On Friday, two weeks after it sent a $1.2 trillion infrastructure bill to President Joe Biden’s desk for signing, the United States House of Representatives narrowly passed the $1.85 trillion Build Back Better Act. If passed by the Senate, the social spending bill would be the largest expansion of the social safety net in half a century. The largest portion of the bill, $555 billion, will go toward fighting climate change — the largest-ever investment in climate action in U.S. history.  

Unlike the bipartisan infrastructure bill, the Build Back Better Act faces many obstacles before it lands on Biden’s desk, if Democrats manage to shepherd it there at all. Conservative and progressive senators remain divided over its scope, cost, and ambition. Senator Joe Manchin, a Democrat from West Virginia with connections to the coal industry, has successfully campaigned to shrink the bill and to eliminate a program of incentives and penalties that would have pushed the power sector to decarbonize by 2035. Despite the concessions, Manchin maintains that he has “a lot of concerns” about passing the bill. Senate Democrats need Manchin’s vote in order to pass the Build Back Better Act via reconciliation, a process that allows the upper chamber to bypass the filibuster and approve legislation pertaining to the budget with a simple majority. It remains to be seen whether the disparate factions of the party will be able to agree on the details of a bill of this magnitude. 

If they do pass the Build Back Better Act, the federal government would take its first real step toward orchestrating a response to global warming, a problem that scientists agree puts all of humanity in grave danger. In its current form, the climate portion of the bill includes:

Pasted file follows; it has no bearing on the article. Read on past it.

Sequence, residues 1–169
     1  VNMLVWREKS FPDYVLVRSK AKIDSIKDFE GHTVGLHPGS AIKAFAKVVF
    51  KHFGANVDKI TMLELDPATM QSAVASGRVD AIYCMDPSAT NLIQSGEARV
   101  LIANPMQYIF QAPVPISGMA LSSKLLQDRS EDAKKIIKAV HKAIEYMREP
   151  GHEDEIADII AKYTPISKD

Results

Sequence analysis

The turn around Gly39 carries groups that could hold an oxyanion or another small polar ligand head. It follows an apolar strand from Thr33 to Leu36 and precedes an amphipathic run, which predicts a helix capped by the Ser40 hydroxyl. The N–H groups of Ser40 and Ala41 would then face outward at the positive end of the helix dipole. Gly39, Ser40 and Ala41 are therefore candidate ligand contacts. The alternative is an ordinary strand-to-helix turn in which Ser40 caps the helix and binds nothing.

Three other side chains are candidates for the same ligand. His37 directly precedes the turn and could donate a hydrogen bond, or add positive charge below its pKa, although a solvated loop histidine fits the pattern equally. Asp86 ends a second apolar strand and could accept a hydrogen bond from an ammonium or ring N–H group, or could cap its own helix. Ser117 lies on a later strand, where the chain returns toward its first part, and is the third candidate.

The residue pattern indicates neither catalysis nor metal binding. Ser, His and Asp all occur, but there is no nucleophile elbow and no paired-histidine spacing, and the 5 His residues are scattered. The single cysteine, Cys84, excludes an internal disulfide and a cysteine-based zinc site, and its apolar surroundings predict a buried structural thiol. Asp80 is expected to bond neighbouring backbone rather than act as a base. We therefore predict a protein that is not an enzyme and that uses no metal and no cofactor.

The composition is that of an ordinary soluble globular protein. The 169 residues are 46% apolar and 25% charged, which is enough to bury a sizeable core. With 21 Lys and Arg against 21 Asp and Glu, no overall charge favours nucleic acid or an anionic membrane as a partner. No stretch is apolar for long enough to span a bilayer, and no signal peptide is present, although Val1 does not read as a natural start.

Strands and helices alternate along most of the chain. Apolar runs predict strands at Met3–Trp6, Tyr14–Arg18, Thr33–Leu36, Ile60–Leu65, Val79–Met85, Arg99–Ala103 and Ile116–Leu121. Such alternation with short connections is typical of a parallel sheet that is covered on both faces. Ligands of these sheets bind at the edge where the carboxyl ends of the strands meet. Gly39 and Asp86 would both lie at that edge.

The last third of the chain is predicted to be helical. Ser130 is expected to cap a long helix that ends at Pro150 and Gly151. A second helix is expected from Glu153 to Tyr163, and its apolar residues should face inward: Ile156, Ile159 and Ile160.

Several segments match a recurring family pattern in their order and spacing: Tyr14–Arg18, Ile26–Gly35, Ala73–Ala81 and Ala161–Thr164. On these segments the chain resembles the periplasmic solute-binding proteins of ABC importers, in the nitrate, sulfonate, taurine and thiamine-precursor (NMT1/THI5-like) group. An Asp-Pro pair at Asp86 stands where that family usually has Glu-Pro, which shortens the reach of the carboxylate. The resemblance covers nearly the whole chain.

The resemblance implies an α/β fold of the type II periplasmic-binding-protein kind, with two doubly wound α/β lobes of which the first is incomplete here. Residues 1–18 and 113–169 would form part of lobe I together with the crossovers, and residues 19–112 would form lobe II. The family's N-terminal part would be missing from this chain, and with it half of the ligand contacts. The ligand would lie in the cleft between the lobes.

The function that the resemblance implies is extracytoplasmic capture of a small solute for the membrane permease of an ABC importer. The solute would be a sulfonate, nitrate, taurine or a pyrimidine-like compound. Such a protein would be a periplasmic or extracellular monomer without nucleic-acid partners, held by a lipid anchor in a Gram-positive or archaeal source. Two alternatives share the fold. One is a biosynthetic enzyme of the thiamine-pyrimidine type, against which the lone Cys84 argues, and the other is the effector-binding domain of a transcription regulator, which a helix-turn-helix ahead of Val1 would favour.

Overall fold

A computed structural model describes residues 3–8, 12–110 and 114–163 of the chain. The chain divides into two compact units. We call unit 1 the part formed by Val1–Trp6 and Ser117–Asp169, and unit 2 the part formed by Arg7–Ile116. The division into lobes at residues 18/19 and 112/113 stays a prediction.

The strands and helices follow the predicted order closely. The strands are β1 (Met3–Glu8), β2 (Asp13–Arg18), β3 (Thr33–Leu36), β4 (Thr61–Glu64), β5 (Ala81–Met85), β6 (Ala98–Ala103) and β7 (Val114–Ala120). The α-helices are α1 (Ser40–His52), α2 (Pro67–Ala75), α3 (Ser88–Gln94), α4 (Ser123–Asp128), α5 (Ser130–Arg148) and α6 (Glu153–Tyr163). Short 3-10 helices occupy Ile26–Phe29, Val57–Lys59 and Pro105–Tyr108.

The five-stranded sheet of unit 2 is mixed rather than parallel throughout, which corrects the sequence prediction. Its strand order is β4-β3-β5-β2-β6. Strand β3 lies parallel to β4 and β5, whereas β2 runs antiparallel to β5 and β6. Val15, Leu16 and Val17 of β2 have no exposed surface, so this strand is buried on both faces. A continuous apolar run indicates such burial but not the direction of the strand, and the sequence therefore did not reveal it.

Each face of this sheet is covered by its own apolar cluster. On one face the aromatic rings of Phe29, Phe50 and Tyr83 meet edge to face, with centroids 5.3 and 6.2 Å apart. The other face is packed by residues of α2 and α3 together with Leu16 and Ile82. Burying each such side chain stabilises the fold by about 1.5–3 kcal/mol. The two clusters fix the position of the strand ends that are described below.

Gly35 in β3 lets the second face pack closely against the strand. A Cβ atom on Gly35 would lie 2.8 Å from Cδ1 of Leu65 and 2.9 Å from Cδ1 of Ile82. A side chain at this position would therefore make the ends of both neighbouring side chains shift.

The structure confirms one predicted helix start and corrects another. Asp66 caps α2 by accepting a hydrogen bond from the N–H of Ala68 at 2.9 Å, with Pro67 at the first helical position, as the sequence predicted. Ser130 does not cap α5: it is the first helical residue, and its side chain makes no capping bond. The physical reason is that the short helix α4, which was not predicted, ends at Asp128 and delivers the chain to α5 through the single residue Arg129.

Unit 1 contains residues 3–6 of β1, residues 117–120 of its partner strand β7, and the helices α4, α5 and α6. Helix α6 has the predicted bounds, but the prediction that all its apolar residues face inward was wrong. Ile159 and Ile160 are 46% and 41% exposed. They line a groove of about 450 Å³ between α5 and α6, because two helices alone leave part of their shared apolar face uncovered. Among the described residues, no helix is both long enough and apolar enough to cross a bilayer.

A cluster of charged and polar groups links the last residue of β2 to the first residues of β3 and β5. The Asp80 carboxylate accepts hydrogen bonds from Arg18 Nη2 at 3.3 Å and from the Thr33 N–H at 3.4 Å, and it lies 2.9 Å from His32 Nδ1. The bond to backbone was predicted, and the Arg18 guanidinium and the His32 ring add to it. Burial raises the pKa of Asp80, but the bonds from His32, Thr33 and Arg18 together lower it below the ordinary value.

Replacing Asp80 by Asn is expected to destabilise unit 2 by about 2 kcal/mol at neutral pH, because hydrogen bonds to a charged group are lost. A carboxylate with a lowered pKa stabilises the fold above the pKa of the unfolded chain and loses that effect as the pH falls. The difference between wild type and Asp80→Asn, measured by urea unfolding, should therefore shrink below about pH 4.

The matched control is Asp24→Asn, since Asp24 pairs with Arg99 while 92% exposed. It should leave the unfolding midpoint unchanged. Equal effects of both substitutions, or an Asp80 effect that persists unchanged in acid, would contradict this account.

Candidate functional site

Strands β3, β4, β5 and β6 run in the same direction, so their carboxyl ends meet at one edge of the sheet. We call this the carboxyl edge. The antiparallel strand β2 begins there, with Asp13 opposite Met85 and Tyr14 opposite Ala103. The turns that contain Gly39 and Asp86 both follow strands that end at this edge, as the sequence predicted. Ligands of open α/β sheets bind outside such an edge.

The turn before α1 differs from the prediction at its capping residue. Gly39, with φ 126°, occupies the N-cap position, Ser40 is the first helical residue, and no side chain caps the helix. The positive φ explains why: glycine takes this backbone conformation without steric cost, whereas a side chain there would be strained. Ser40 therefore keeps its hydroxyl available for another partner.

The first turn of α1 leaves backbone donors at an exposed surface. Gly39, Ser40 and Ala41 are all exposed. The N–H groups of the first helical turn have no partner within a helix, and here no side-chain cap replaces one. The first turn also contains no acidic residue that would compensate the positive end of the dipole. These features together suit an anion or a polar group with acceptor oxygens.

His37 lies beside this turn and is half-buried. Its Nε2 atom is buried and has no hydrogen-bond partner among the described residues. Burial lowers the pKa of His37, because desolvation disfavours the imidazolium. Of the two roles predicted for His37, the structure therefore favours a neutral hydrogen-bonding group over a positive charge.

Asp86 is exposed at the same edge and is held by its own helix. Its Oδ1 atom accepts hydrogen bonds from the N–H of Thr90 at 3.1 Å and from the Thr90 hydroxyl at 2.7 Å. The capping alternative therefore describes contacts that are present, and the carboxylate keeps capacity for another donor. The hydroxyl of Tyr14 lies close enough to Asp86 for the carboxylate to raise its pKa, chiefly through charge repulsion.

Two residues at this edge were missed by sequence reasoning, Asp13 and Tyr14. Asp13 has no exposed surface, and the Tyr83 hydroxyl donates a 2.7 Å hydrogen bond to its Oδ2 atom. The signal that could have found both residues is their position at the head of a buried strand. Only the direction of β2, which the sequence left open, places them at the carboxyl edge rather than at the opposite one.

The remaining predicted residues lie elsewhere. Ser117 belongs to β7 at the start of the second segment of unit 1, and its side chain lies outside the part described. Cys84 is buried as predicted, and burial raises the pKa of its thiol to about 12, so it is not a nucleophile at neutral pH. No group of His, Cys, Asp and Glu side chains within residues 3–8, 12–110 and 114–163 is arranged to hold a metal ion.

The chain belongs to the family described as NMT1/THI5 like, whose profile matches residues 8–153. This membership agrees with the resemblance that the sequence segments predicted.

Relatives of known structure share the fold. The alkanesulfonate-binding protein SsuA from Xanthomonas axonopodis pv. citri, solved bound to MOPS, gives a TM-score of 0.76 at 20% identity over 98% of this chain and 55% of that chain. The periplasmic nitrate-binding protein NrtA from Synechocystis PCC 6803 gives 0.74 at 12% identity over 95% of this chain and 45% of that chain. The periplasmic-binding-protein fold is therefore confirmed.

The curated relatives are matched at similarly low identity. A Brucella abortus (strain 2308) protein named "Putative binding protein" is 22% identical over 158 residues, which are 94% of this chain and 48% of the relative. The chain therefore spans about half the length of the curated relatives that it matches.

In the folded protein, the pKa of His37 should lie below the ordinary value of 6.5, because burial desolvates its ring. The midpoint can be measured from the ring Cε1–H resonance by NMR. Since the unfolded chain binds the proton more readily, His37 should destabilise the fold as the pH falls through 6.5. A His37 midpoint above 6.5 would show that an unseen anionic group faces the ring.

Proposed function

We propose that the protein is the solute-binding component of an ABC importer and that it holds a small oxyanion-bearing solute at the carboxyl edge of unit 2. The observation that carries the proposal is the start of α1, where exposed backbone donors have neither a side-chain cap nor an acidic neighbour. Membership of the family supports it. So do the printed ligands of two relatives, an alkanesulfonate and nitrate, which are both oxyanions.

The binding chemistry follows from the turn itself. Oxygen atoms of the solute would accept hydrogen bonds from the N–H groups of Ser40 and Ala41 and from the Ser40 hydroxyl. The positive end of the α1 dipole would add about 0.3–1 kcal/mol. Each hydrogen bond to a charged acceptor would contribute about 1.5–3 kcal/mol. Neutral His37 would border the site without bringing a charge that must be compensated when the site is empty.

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  • $300 billion in tax incentives for producers and buyers of wind, solar, and nuclear power, and for purchasers of electric vehicles, who would get up to $12,500 in tax credits
  • A $29 billion Greenhouse Gas Reduction Fund that will help state, nonprofit, and local climate finance organizations invest in emissions-reducing technologies. 
  • $20 billion in workforce development funding for jobs in climate resilience and mitigation.
  • $19 billion in home energy efficiency and electrification rebates, funding for new transmission lines, and investments in advanced efficiency technologies. 
  • $16 billion to help farmers and rural electricity cooperatives and businesses transition to clean energy. 
  • Language that permanently bans oil and gas drilling in the Arctic National Wildlife Refuge and federal waters in the Pacific, Atlantic, and Eastern Gulf of Mexico. 

The bill also contains funding for better climate change modeling and mapping, environmental justice initiatives, planting new trees in underserved areas, buying urban and community forests, and research into sustainable agriculture.

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Democrats had planned to vote on the bill on Thursday evening, but House Minority Leader Kevin McCarthy, Republican from California, used his floor time to lambast the legislation until 5 in the morning on Friday. Democrats finally passed the bill, 220 to 213, a little before 10 a.m.

“This bill is monumental,” House Speaker Nancy Pelosi, a Democrat, said at a press conference celebrating the passage of the bill. “It’s bigger than anything we’ve ever done.”

Senate Majority Leader Chuck Schumer promised to take up the legislation in the Senate soon. “We will act as quickly as possible to get this bill to President Biden’s desk and deliver help for middle-class families,” he said on Friday.

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